Come on you can't take this nonsense for face-value !!! How many bands did NOISE sign 150 – 200 ? Everytime we used the same contract as blueprint we had worked out with professional music biz lawyers at the start of NOISE. Most of the time a band had a lawyer appointed when they negotiated a deal with us. This blueprint structurally survived all these negotiations. It was the base for SANCTUARY later purchasing all of NOISE, not Inside Out, which they also intended to buy but due to shitty contracts didn't. When Helloween's Maiden Management challenged our contracts in court over two years the band and their management lost on all counts !!! read the court decisions, you can find them on the Internet at Wikipedia, because they where exemplary ! We had even overpaid the band by nearly 350.000 marks. These NOISE contracts where later examined by various US Majors because they needed to be sure that we had industry standard contracts if they started doing business with us. This was a matter of securing their advance payments as they knew full well that some indie labels had bizarre contracts. Not us! By the way: the original contract we did with Helloween already was renegotiated by their original manager Limb Schnoor (later shamelessly fired by Helloween) to very fair terms!
With your knowledge of the way record companies were working in the 80’s, can you please explain to us, how an Artist who sold hundreds of thousands of records, was not really making much money? What other costs were involved?
I'm not the budget master of any band. So I can't explain this. We paid an average of 16% of ppd (and higher based on sales), so anywhere from 1.50-3 Marks, and usually the recoupable costs where just studio, video and tour supports, so every band had to handle their own business. If a band pays an expensive Manager unregulated expenses , blows up studio, video and touring budgets and pays 20% gross plus 15% booking fees than they are financially in trouble. A confidential source within the Helloween camp once told me, that he saw a 100.000 mark expense bill from their management. Need I to tell more?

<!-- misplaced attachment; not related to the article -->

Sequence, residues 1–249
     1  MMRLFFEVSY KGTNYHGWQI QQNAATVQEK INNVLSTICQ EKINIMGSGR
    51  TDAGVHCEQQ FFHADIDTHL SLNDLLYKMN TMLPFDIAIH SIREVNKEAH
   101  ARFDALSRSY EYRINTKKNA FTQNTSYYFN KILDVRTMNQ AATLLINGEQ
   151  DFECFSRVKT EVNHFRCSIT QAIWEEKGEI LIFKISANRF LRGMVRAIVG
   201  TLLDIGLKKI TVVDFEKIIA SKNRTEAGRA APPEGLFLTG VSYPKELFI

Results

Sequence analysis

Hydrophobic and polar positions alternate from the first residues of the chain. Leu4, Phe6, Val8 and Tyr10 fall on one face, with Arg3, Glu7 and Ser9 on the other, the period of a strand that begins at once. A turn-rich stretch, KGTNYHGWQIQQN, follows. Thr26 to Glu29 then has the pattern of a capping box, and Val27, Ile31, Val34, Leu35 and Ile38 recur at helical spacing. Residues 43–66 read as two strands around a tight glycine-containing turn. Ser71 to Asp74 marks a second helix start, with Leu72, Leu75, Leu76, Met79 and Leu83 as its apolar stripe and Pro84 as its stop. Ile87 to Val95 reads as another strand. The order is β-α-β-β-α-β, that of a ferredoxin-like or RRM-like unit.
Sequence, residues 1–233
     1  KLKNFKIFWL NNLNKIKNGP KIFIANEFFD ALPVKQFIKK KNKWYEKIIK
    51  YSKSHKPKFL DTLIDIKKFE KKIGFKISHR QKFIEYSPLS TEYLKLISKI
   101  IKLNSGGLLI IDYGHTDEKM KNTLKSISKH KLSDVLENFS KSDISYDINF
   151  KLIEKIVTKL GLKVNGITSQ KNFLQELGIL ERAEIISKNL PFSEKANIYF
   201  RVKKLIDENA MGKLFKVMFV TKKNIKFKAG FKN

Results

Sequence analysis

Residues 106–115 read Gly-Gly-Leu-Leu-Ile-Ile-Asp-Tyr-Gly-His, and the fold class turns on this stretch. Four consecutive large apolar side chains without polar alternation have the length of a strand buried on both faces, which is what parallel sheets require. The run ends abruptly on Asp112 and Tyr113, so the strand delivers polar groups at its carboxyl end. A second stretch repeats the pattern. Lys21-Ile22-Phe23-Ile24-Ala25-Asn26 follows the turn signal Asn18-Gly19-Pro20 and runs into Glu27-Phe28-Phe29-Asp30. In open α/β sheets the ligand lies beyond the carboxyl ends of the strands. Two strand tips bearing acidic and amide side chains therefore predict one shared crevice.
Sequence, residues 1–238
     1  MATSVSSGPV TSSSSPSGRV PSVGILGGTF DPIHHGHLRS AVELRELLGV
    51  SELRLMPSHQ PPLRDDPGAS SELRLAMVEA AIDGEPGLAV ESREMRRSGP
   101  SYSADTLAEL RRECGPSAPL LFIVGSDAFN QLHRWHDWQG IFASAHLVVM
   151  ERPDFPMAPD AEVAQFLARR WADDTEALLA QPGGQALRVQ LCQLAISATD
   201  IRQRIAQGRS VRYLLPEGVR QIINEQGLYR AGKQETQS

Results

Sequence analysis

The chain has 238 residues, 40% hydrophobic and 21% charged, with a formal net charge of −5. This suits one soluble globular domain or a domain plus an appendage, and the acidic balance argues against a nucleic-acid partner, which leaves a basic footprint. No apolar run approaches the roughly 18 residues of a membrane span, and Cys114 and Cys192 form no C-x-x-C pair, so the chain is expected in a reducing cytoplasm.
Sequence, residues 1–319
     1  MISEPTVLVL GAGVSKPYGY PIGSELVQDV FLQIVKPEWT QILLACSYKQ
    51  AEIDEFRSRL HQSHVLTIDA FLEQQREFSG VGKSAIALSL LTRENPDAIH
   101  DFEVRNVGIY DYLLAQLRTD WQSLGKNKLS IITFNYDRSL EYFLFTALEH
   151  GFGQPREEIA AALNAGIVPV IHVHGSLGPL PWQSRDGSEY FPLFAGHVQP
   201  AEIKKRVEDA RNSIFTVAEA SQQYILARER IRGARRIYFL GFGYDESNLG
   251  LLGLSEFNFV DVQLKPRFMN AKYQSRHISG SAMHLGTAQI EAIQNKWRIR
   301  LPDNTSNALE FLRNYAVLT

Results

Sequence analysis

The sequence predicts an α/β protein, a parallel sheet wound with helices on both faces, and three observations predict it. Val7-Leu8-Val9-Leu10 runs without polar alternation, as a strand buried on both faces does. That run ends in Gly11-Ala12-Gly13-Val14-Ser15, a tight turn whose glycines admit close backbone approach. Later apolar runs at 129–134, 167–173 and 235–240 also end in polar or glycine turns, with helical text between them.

In the 90’s, you continued with some monumental releases from bands like STRATOVARIUS, VIRGIN STEELE, CONCEPTION, ELEGY, SKYCLAD, POVERTY'S NO CRIME, etc. It was a different time, different conditions and mostly different artists.
Yeah the 90s defined by Alternative Rock, Grunge, Crossover. Not easy years for us but our sales where pretty stable throughout. We did not grow much beyond '92 but did not decline either. We had quite a few established bands on a worldwide base and a very deep catalogue, which helped a lot too.